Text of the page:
In recent times, it has become apparent that there has been a huge increase in GAA players setting up and indeed interacting with their social media accounts.
Facebook and Twitter, in particular, have been to the fore, with stars such as Colm Parkinson of Laois involving themselves in heavy discussions with fellow county supporters, as well as general fans or critics.
However, such is the effect that social media has on player performance and subsequent distractions, Galway boss Anthony Cunningham has imposed a strict ban on social media in the lead-up to his side’s All-Ireland final clash with Kilkenny this Sunday in Croke Park.
In what has the potential to be quite an explosive encounter between two fiery teams, Kilkenny will undoubtedly be seeking revenge following their defeat to the Tribesmen in the Leinster final earlier this year.
It has become so much simpler to interact with your favourite county heroes through the introduction of Facebook and Twitter, with most GAA players possessing one, if not both of these popular social media accounts.
The Irish Examiner recently reported that one particular Galway hurler was subject to much criticism from his manager following the posting of celebratory pictures of him and another team-mate after their All-Ireland semi-final over Cork.
Galway star Joe Canning was also forced to block tweets from a parody Brian Cody account in recent times.
Kilkenny, on the other hand, seem to shy away from social media, with only one of their senior hurlers believed to possess a Twitter account – Cillian Buckley being the sole user of this social media site.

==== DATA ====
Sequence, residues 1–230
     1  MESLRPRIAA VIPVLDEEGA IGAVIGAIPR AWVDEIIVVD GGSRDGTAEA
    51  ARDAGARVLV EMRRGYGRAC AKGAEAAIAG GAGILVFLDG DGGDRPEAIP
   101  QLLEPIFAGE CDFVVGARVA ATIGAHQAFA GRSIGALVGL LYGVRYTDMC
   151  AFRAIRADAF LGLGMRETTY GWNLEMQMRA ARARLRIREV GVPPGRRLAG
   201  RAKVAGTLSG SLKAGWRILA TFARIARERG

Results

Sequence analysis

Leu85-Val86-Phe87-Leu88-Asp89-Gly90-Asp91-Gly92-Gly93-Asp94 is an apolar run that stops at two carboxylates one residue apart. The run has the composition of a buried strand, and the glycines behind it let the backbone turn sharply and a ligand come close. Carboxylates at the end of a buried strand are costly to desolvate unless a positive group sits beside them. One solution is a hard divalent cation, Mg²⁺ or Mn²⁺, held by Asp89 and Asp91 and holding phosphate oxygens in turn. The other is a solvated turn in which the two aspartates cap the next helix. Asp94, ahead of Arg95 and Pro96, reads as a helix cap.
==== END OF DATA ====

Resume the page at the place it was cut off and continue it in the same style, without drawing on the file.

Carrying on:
Some may ponder the issue with intercounty hurlers and footballers interacting with friends and fans on these social media pages, but it does also bring some problems – many GAA players become the subjects of scathing criticism if their team is defeated in championship, with many of these viral attacks quite personal on the players in question.
This then poses the question of whether these stars should indeed go to the effort of setting up these accounts, but then again, it gives them the opportunity to become involved with their friends and supporters in a friendly and engaging manner.
I guess the jury is still out on the issue of GAA players and social media, but although it can be pleasant and enjoyable at times, it also poses huge risks with players become distracted and the aforementioned criticism can then unquestionably affect their performance on the pitch.